In-Car Entertainment Can Soothe Passengers

In-Car Entertainment Can Soothe Passengers

Imagine turning “Are we there yet?” into “We’re there already?” A growing number of families are doing just that by adding rear-seat entertainment technologies and other conveniences to their vehicles in time for the summer vacation season.

In spite of the increased cost of fuel, Americans are expected to hit the road in record numbers this summer, just as they have in virtually every year since the late 1950s. In fact, estimated annual miles driven by consumers reached 1.7 billion in 2004, nearly three times the miles logged during the 1960s. Yet, in spite of the growing allure of distant theme parks, beaches and interactive museums, families still face the challenge of keeping kids happy while strapped into their seats.

“A bored child can make any drive seem harder for everyone,” said Mark Boyle, director of marketing, Aftermarket, for Visteon Corporation, manufacturer of a broad range of mobile electronics technologies for passenger vehicles. “Making the driving experience more comfortable is an important goal for automakers, dealerships and consumer products manufacturers-and we’re seeing the results in the form of truly innovative entertainment technologies.”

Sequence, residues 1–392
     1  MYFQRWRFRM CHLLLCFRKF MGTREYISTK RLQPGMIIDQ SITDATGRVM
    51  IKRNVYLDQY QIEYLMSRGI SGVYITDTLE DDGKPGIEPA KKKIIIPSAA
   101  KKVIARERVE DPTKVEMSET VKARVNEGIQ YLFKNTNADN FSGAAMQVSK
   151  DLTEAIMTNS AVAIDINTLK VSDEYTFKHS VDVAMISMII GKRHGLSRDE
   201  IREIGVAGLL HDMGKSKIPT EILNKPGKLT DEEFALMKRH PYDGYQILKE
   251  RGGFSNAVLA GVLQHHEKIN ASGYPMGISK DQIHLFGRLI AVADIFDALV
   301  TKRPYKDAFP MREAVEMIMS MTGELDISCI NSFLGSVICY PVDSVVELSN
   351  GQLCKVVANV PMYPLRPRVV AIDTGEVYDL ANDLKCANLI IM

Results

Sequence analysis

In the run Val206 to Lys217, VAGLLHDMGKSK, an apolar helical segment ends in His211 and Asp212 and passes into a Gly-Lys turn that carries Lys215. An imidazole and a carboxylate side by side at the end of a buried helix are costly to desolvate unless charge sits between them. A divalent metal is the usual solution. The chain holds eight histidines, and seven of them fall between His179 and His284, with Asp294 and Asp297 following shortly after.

One of the most recent products-Visteon’s Dockable Entertainment featuring Game Boy® Advance-marries the popularity of in-car movies with the 750-plus game titles available for Nintendo’s wildly popular Game Boy® Advance platform. The system can be seamlessly integrated into the car’s headliner, but also can be removed in a matter of seconds for use in another vehicle, outdoors or anywhere else. The system is offered with wireless game controllers and wireless headphones.

Automotive industry studies have shown that video games rank among the most appealing in-vehicle entertainment options, along with movies and music. Combining all three in a single platform (the Visteon system also plays MP3 files) demonstrates the lengths to which manufacturers are going to answer consumer demand for more relaxing road trips, according to Boyle.

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